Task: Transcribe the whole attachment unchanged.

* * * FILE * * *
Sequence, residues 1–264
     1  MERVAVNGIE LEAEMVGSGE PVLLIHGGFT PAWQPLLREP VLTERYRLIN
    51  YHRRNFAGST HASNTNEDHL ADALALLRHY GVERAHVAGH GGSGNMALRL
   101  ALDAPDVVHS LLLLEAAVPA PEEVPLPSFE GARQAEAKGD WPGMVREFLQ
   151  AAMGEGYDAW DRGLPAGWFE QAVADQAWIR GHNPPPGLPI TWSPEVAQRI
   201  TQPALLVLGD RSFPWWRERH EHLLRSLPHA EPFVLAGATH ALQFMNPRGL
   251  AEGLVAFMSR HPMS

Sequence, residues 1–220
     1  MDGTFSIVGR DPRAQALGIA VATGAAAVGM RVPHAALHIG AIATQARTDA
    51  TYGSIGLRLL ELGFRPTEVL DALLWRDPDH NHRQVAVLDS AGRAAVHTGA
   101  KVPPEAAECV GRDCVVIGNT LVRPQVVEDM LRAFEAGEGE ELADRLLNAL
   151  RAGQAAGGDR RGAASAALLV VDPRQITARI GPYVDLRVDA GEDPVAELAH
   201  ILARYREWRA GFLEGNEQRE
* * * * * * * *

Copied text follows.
Sequence, residues 1–264
     1  MERVAVNGIE LEAEMVGSGE PVLLIHGGFT PAWQPLLREP VLTERYRLIN
    51  YHRRNFAGST HASNTNEDHL ADALALLRHY GVERAHVAGH GGSGNMALRL
   101  ALDAPDVVHS LLLLEAAVPA PEEVPLPSFE GARQAEAKGD WPGMVREFLQ
   151  AAMGEGYDAW DRGLPAGWFE QAVADQAWIR GHNPPPGLPI TWSPEVAQRI
   201  TQPALLVLGD RSFPWWRERH EHLLRSLPHA EPFVLAGATH ALQFMNPRGL
   251  AEGLVAFMSR HPMS

Sequence, residues 1–220
     1  MDGTFSIVGR DPRAQALGIA VATGAAAVGM RVPHAALHIG AIATQARTDA
    51  TYGSIGLRLL ELGFRPTEVL DALLWRDPDH NHRQVAVLDS AGRAAVHTGA
   101  KVPPEAAECV GRDCVVIGNT LVRPQVVEDM LRAFEAGEGE ELADRLLNAL
   151  RAGQAAGGDR RGAASAALLV VDPRQITARI GPYVDLRVDA GEDPVAELAH
   201  ILARYREWRA GFLEGNEQRE